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The Eagle

332 customer reviews

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(Jun 21, 2011)
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Editorial Reviews

Product Description

In 2nd-Century Britain, celebrated Roman soldier Marcus Aquila (Channing Tatum) embarks on a dangerous quest to restore the tarnished reputation of his father and find the golden emblem that disappeared with him and thousands of troops twenty years earlier. But the highlands of Caledonia are a savage wilderness, and Marcus must rely on his embittered slave, Esca (Jamie Bell), to navigate the perilous region. Their journey pushes them beyond the boundaries of loyalty and betrayal, friendship and hatred, deceit and heroism. Donald Sutherland co-stars in this gripping, gritty, action-packed adventure from acclaimed director Kevin Macdonald.

Epic filmmaking has fallen out of favor, but The Eagle fights hard to bring it back. Marcus Aquila (Channing Tatum) chose to lead a Roman garrison in occupied Britain because that's where his father lost a military standard--a metal eagle, representing the glory of imperial Rome--on an expedition into the northern wilds. To reclaim his family honor, Aquila sets off into native territory to recover the eagle, with only a slave named Esca (Jamie Bell) to help him--but the more Aquila learns about Esca's history, the more he has reason to doubt his slave's loyalty. The Eagle starts with engaging momentum; this is a work of fiction, but there's an impressive commitment to the details of life, evoking the sights, sounds, and smells of a raw and brutal time. (Director Kevin Macdonald began as a documentarian, which no doubt contributes to his appreciation for grit and sweat.) Tatum is not the most versatile actor but he has enough solid charisma to anchor the movie; Bell's fluid emotional presence keeps their relationship dynamic. The movie loses steam in the last third, as the outcome is never really in doubt and the plot mechanics start to feel a bit rote. But for anyone with an interest in the era, or who simply enjoys a taste of blood and thunder, The Eagle has pleasures aplenty. --Bret Fetzer

Special Features

  • Alternate Ending
  • Deleted Scenes
  • The Eagle: The Making of a Roman Epic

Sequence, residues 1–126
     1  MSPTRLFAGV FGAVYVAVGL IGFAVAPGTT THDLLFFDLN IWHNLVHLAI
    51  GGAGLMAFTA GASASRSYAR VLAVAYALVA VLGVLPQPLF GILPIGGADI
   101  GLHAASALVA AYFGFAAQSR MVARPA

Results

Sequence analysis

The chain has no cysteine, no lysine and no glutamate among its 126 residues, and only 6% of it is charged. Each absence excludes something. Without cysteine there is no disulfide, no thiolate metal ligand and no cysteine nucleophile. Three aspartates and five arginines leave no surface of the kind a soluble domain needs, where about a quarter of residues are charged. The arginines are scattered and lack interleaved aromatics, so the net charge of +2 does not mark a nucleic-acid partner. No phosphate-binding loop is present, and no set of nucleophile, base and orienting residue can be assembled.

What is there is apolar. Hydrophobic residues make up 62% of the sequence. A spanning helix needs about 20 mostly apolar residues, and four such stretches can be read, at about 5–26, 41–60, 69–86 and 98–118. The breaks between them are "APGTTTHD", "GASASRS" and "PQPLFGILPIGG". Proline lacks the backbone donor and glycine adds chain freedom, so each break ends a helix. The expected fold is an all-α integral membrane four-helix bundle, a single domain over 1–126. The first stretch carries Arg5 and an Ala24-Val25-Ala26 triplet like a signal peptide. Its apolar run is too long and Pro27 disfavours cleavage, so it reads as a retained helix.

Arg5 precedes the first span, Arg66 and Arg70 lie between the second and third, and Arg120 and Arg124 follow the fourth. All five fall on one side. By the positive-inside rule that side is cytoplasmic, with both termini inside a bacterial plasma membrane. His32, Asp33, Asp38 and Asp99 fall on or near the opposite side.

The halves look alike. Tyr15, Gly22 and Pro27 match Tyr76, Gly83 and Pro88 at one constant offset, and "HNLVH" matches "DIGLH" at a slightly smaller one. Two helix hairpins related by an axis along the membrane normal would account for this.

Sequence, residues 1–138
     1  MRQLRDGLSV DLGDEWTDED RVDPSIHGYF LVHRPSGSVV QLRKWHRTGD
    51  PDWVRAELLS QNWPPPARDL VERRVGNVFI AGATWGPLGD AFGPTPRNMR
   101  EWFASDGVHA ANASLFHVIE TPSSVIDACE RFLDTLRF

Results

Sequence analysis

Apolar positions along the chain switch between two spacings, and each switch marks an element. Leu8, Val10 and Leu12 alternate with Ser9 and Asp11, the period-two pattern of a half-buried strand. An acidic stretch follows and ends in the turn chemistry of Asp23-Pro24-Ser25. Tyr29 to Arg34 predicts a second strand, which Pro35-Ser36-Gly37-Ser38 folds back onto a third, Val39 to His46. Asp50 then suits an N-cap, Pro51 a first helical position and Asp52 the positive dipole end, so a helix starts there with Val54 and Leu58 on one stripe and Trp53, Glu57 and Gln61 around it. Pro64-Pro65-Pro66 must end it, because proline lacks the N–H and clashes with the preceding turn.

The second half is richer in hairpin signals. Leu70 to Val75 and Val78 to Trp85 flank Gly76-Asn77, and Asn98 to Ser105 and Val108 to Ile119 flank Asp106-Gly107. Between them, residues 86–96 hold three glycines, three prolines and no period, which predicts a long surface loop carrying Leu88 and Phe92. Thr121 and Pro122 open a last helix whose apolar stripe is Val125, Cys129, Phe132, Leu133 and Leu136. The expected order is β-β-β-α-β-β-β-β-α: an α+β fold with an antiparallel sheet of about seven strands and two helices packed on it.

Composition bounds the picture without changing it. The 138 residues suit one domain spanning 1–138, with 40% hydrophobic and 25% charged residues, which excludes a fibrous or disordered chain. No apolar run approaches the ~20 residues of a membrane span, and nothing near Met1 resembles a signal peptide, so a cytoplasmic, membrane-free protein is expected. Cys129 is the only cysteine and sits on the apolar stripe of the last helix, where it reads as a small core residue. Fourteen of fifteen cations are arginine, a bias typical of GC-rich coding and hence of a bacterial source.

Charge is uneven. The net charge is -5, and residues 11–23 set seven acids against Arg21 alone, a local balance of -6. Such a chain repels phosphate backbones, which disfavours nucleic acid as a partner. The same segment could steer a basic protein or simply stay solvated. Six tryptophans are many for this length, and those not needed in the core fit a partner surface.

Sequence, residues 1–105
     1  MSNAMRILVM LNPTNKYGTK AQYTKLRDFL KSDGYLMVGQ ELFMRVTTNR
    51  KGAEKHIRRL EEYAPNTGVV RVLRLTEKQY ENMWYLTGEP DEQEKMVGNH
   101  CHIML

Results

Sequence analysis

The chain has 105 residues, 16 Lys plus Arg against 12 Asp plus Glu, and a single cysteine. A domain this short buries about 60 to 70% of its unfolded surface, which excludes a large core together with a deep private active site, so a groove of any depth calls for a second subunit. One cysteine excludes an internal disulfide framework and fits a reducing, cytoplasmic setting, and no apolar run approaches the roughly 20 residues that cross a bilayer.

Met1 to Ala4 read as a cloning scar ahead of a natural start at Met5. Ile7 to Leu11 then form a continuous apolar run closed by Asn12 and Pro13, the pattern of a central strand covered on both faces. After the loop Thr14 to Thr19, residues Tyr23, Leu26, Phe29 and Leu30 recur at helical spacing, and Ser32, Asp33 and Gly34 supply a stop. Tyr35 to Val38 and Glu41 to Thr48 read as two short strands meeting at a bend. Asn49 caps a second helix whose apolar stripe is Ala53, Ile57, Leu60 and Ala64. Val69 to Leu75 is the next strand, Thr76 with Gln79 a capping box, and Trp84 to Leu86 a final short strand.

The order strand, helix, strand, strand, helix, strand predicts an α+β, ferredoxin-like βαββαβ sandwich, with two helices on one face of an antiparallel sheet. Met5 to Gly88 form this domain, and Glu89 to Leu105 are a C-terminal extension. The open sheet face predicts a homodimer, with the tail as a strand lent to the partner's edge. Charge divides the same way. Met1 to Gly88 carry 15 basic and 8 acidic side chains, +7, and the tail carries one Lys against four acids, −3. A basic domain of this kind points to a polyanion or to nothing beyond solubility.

• Feature Commentary with Director Kevin Macdonald (Unrated Version Only)

  • Product Details

    • Actors: Channing Tatum, Mark Strong
    • Directors: Kevin Macdonald
    • Format: Multiple Formats, AC-3, Color, Dolby, Dubbed, NTSC, Subtitled, Widescreen
    • Language: English (Dolby Digital 2.0 Stereo), English (Dolby Digital 5.1), French (Dolby Digital 5.1), Spanish (Dolby Digital 5.1)
    • Subtitles: English, French, Spanish
    • Dubbed: French, Spanish
    • Region: Region 1 (U.S. and Canada only. Read more about DVD formats.)
    • Aspect Ratio: 2.35:1
    • Number of discs: 1
    • Rated: Unrated
    • Studio: Focus Features
    • DVD Release Date: June 21, 2011
    • Run Time: 114 minutes
    • Average Customer Review: 4.1 out of 5 stars  See all reviews (332 customer reviews)
    • ASIN: B0034G4P58
    • Amazon Best Sellers Rank: #14,868 in Movies & TV (See Top 100 in Movies & TV)
    • Learn more about "The Eagle" on IMDb

    Customer Reviews

    Most Helpful Customer Reviews

    163 of 170 people found the following review helpful By Chris Swanson VINE VOICE on February 12, 2011
    Back in the early second century, the Ninth Legion disappeared from history. The current going theory is that they were wiped out in combat in the Eastern Provinces, but there's also a theory that they were destroyed fighting the Picts in what is now called Scotland. That's the jumping-off point for The Eagle, a rather lightweight sword and sandals film staring Channing Tatum and Jamie Bell.

    Tatum plays Marcus Flavius Aquila, son of the commander of the Ninth Legion. He's gone into the army himself and worked hard to get sent to Britannia, where he hopes to not only recover his father's honor, but also that of the Legion and to recover it's beloved standard; a gold eagle. The Roman legions fetishized their eagles (or "aquila", a word suspiciously similiar to the last name of our hero), to an impressive degree. Better in many ways to lose every man in your legion than to lose your standard.